So you want to become a horse trainer, huh? Sounds like fun—doing what you love and getting paid for it? Score! You are about to embark on a wonderful journey…but maybe don’t know where to start? No problem, I’ve developed a step-by-step guide to becoming a horse trainer. In this article you will find precise instructions guaranteed to help you find success in the industry—all for the low, low price of your sanity. Read on, friends.
Step 1: Learn to ride.
You already know how to ride? Great! Keep riding. Ride everything you can—babies, school masters, reiners, dressage horses, the wild pony in your neighbor’s yard—everything. Feeling good about your riding experience? Great! How many times have you fallen? If you can count the number on your hands, keep riding. Better yet, keep falling. Fall until you can’t count that high (or forget how to count, whichever comes first). Ride until your legs are made of superglue. Ride until sticking is second nature. Once your stick-ability is a 10, move on to Step 2…
Step 2: Forget everything you know about riding horses.
Trust me, you don’t know that much anyway…none of us do. Ask questions, take lessons, follow other professionals around, annoy all of the horse people you can find with all of the questions you can think of. Make it a point to become as educated as you possibly can and try not to cry yourself to sleep at night thinking about all of the things you don’t know even after all these years. Are you cramming as much knowledge as you can into your brain? Are you starting to become a little more humble? Sweet! On to Step 3…
Step 3: Learn to be a people person.
Try to put all the frustration and negativity that overcame you in Steps 1 and 2 aside and slap a smile on your face. Make people believe you’re the happiest, sweetest, most wonderful person they’ve ever met even though your back hurts, you’re not sure you even know how to ride anymore and, honestly, you can’t even remember where you are. Because, at the end of the day, you can’t train horses if you can’t convince people to give you horses to train.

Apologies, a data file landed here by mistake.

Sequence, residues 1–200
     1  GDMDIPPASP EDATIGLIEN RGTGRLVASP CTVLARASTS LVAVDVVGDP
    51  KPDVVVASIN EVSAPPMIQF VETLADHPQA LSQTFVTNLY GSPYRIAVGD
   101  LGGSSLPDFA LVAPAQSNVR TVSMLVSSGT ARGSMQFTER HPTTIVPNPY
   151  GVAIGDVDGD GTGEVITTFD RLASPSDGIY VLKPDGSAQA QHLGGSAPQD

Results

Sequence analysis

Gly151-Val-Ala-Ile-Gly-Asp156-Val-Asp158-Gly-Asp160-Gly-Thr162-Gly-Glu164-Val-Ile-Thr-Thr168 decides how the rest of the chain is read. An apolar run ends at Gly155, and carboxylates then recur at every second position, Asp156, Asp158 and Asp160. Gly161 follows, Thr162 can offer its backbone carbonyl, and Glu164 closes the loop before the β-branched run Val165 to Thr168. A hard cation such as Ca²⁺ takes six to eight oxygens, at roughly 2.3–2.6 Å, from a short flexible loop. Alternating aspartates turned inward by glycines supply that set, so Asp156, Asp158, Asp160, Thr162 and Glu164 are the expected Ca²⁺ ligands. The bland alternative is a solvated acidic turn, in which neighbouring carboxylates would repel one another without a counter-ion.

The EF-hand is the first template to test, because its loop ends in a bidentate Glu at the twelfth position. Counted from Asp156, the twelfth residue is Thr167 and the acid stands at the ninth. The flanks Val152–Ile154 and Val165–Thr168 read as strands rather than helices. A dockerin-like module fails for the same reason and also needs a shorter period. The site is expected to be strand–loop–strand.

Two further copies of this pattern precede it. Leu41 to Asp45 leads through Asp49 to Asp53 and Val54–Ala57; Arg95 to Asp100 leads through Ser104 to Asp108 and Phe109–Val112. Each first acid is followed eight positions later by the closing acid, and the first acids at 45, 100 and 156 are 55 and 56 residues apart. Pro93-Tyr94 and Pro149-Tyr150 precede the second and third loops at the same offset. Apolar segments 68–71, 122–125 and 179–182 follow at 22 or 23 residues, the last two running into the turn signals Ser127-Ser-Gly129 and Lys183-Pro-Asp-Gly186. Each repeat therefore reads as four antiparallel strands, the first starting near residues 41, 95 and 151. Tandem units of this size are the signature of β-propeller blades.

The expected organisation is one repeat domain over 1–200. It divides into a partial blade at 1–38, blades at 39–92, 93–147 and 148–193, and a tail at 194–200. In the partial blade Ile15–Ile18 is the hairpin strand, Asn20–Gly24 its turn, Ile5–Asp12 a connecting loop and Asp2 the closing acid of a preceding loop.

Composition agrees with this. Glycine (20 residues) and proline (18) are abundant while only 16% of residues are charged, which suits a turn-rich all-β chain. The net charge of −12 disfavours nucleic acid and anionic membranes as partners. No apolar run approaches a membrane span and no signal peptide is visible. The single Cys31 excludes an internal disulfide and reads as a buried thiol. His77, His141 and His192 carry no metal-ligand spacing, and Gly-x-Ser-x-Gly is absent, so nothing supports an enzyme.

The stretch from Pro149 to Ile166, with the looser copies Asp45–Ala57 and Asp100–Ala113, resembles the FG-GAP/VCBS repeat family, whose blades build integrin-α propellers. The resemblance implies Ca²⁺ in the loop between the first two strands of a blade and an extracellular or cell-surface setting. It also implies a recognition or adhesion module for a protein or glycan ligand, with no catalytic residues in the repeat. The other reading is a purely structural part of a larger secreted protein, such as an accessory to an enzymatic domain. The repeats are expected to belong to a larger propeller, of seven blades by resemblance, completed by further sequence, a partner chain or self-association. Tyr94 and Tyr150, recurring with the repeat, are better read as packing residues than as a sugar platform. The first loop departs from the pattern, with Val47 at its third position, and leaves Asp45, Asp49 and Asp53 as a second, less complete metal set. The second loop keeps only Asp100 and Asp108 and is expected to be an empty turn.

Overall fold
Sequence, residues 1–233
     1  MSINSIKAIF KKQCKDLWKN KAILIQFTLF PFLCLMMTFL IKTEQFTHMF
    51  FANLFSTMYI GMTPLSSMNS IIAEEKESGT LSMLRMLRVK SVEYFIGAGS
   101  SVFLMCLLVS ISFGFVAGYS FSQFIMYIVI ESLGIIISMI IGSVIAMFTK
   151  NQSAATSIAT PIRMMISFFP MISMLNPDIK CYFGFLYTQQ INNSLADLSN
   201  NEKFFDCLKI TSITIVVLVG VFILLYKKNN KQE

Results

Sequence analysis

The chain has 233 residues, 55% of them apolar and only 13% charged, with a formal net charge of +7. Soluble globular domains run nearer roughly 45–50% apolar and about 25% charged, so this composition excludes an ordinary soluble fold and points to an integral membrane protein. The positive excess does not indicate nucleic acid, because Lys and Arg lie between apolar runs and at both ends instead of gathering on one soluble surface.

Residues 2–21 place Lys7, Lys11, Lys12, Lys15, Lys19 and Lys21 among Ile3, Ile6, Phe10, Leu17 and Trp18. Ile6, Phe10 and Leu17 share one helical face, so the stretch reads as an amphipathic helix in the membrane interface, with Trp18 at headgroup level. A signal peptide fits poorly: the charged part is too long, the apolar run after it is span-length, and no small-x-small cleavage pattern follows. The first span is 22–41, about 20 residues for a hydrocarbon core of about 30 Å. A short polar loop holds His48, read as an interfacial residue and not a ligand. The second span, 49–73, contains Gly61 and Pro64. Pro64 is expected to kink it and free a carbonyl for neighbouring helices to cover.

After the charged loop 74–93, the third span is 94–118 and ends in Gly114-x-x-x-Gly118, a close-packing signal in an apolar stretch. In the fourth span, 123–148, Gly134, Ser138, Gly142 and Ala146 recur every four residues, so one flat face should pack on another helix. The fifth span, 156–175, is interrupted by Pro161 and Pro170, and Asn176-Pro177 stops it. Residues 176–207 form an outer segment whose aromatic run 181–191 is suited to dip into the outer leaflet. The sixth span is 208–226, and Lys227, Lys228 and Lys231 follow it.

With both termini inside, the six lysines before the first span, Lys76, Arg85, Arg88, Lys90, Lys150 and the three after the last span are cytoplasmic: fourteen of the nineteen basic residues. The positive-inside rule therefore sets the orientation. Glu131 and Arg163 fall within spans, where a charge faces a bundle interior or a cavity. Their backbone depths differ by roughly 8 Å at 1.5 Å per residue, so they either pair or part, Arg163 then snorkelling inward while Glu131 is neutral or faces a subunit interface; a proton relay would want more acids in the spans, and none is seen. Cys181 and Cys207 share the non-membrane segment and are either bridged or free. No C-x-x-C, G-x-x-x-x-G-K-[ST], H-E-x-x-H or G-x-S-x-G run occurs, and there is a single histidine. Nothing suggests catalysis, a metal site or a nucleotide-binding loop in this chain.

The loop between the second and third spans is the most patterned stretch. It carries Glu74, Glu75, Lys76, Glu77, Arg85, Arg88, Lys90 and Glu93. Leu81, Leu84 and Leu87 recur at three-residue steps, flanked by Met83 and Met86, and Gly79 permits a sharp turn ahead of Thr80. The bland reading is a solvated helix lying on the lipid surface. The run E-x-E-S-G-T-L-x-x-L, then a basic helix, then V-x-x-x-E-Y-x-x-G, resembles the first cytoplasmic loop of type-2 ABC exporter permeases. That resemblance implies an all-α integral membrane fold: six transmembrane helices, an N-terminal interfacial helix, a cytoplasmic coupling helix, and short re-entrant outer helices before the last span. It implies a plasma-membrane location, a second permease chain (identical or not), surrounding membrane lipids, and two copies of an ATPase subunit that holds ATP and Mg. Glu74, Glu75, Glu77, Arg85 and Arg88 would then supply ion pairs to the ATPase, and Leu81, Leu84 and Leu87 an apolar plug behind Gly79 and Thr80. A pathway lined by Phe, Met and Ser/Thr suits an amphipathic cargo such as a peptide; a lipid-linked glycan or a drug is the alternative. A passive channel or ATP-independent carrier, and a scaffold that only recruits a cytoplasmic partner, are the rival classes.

Did you find a couple schmucks willing to give you a shot? Perfect, move on to Step 4…
Step 4: Become a jack-of-all-trades.
Now that you have the experience, are educating yourself and have somehow found someone to pay you to ride, embrace the fact that you yourself can’t pay anyone. That’s right, pick up that pitchfork. Learn to clean a stall in 2 minutes flat. Speaking of flats, can you change the one on your trailer? There are now horses to groom, feed and turn out, loose shoes that need to be pulled, appointments to schedule, fences to fix, and hay to be stacked. Did you think being a horse trainer meant you’d actually have time to ride? Ha!
Step 5. Remind yourself why you decided to do this in the first place.
After perfectly scheduling out your day and waking up before dawn for morning chores only to bring in a lame horse, you may start to question your career path. When that lame horse results in an emergency vet call that leaves you just enough money for Ramen Noodles for the week, you will heavily reconsider your life decisions. Now is the time to make a list of all the things you love about horses. Your list will be short, but make it anyway. Training horses professionally isn’t for everyone; you have to be a certain sort of crazy to make it work. Did that list make you feel better? Move on to Step 6…
Step 6. Revel in the life you’ve made.
Congratulations, you’ve made it this far! Sit back, trade those Ramen Noodles for a bottle of cheap wine and breathe in the smell of happiness. Listen to your horses munching on their hay, knowing you are making a difference for each and every one of them. Give yourself a pat on the back, or another large swig of Moscato, and know you’ve made it. Whether breaking babies or competing at the upper levels, your work is important for the industry and the horses thank you for keeping them happy and healthy, and giving them the skills to succeed in life.
About the Author
Lindsay Gilbert is the owner of Transitions Sport Horses, based in Lexington, KY. She specializes in repurposing OTTBs for careers in eventing, jumping and dressage. She also publishes a blog chronicling her road to the Retired Racehorse Project’s Thoroughbred Makeover.